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Havasu National Wildlife RefugeThe 37,515-acre Havasu National Wildlife Refuge is one of more than 500 refuges throughout the United States managed by the Fish and Wildlife Service. The National Wildlife Refuge System is the only national system of lands dedicated to conserving our wildlife heritage for people today and for generations yet to come.
Welcome: Colorado River Lifeline
From desert bighorn sheep to the endangered southwestern willow flycatcher, birds and other animals at Havasu National Wildlife Refuge rely on the life-giving waters of the lower Colorado River. The refuge protects 30 river miles—300 miles of shoreline—from Needles, California, to Lake Havasu City, Arizona. One of the last remaining natural stretches of the lower Colorado River flows through the 20-mile-long Topock Gorge.
A great river in a dry, hot land attracts wildlife and people like a powerful magnet. Today, many thousands of visitors annually flock to the refuge to boat through the spectacular Topock Gorge, watch waterbirds in Topock Marsh, or hike to the Needles and Havasu Wilderness Area. Wildlife dwell in a precarious balance with the people who recreate here. Remember, we are guests in the home of lower Colorado River animals and plants.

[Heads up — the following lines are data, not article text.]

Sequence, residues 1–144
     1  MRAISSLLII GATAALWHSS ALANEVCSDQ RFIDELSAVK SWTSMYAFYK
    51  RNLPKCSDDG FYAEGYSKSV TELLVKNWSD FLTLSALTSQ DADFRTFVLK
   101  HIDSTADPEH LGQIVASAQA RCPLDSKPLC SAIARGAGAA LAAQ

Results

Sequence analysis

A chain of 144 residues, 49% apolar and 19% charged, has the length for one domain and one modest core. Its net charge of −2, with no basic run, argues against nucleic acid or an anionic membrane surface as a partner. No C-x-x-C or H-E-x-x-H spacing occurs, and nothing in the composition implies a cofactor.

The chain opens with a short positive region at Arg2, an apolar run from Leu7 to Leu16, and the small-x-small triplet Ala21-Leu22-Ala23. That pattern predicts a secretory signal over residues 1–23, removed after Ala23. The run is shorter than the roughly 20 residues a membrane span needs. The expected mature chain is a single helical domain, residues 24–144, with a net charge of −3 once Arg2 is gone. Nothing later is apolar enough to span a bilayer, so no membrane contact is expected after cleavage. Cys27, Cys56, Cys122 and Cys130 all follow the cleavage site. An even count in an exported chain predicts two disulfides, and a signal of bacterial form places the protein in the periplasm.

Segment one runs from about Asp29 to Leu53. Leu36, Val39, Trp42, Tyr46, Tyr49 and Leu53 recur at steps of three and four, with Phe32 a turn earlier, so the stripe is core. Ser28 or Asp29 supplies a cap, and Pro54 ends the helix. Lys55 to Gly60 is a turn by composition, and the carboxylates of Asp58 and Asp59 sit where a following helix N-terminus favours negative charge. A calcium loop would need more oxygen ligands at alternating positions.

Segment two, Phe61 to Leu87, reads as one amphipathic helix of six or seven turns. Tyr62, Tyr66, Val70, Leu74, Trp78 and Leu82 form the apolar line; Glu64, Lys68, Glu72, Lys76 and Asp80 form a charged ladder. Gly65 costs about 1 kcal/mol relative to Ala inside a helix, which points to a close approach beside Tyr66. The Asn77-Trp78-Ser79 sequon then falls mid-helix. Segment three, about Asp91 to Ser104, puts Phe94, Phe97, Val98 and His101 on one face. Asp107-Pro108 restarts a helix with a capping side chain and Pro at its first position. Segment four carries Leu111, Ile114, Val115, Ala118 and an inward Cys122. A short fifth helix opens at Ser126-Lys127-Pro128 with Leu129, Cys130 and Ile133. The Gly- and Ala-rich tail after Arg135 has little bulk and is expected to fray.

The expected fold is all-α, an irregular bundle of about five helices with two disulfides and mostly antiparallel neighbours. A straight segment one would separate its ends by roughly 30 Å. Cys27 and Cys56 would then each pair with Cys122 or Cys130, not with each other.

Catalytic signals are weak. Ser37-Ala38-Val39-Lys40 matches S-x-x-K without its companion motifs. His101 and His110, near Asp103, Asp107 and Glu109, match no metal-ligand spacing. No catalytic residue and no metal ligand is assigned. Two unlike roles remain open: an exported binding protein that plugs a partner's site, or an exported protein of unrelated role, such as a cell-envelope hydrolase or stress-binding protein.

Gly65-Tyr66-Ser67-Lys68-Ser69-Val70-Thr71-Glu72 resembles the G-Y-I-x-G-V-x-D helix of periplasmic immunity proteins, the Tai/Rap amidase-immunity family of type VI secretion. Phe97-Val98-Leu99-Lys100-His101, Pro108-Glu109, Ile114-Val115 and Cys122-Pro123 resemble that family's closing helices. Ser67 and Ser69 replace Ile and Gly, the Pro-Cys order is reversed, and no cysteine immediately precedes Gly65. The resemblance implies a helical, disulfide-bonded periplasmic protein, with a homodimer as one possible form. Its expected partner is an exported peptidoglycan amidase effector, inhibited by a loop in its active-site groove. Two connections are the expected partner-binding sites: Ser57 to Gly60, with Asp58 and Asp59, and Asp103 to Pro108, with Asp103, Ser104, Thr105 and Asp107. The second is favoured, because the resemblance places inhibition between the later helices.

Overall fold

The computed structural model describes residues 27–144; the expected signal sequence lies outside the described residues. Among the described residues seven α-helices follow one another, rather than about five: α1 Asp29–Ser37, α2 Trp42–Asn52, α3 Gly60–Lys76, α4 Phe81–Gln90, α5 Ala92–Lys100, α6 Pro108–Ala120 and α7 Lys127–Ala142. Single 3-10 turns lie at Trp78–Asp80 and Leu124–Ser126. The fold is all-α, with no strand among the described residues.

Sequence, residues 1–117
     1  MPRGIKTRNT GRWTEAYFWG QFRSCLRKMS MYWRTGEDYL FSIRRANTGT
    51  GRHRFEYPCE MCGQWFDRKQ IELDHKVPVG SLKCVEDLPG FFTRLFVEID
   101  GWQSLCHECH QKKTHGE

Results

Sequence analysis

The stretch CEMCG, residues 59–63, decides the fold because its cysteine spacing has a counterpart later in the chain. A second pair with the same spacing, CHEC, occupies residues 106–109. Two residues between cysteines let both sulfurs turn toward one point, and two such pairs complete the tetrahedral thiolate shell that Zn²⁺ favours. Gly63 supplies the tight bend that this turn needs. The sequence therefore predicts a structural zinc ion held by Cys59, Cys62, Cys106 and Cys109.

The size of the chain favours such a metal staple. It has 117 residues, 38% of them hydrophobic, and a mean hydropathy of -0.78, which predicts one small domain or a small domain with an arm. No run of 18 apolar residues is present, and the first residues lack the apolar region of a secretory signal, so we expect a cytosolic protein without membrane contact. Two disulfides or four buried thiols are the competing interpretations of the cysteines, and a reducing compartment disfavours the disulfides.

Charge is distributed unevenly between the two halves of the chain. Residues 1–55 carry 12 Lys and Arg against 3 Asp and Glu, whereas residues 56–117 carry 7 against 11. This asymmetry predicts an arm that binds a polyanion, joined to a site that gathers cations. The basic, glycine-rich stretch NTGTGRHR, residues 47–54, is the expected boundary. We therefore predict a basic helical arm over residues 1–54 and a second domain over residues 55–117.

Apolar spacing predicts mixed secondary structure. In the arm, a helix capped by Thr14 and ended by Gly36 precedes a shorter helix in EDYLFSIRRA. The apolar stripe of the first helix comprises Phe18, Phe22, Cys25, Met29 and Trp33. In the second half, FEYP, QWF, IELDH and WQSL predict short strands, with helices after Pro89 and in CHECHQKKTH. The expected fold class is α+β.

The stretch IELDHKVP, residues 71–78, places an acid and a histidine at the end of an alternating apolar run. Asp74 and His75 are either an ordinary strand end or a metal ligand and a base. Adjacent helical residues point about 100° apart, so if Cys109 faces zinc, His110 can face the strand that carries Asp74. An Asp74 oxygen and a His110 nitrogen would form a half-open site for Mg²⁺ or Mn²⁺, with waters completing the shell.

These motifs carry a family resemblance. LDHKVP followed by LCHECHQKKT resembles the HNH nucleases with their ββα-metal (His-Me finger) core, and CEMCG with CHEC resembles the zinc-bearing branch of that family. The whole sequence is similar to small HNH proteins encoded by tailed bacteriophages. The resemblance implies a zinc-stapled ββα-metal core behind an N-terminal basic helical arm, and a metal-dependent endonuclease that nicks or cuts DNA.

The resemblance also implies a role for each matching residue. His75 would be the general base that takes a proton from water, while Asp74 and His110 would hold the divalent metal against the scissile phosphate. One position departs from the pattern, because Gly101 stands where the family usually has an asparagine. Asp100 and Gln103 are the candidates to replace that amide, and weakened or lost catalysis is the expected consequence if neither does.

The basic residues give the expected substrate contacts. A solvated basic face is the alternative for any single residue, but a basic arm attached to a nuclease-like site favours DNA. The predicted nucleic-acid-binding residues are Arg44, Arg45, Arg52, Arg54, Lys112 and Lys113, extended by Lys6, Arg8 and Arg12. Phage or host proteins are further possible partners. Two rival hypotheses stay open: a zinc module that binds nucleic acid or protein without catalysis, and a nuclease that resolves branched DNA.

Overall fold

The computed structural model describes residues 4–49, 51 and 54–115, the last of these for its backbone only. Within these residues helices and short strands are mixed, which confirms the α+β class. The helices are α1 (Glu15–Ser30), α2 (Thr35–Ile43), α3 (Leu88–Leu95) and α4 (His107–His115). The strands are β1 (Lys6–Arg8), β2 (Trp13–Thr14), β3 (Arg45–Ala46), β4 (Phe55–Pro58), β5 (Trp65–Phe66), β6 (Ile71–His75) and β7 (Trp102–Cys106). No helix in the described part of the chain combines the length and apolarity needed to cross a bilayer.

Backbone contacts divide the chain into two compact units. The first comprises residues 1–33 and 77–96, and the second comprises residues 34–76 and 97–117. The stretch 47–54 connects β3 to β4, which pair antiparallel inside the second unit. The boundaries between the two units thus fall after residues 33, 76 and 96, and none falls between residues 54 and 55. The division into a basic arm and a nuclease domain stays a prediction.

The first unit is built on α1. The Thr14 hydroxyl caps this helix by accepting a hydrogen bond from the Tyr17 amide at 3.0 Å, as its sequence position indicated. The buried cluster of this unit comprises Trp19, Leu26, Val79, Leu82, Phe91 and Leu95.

History: Petroglyphs to Parker Dam
Indian petroglyphs in Topock Gorge trace the stories of early peoples who lived along the lower Colorado River. A few old mines tell a more recent tale of nineteenth century gold prospectors hoping to strike it rich.
When the gates closed at Parker Dam in 1941, President Franklin D. Roosevelt created Havasu NWR to provide migratory waterfowl habitat. The refuge has shifted boundaries since then, including the addition of the Needles Peaks area in 1968.
Topock Marsh, Topock Gorge, and Needles and Havasu Wilderness form three distinct areas, each with its own attractions and regulations designed to protect the rare beauty of Havasu NWR.
Needles and Havasu Wilderness
These two wilderness areas offer their quiet desert beauty for the prepared hiker. The first rule is to bring plenty of water. Every plant and animal has adapted to desert living. Cactus store water during rainy periods. Palo verde trees drop their water-wasting leaves when rain is scarce. Lizards and snakes find all the water they need from the food they eat. The passage of the Arizona Desert Wilderness Act in 1990 and the California Desert Protection Act in 1994, together designated 17,606 acres, or 32 percent of the refuge, as wilderness.
source - USFWS
Map of Havasu National Wildlife Refuge
Looking from Topock Marsh toward the Needles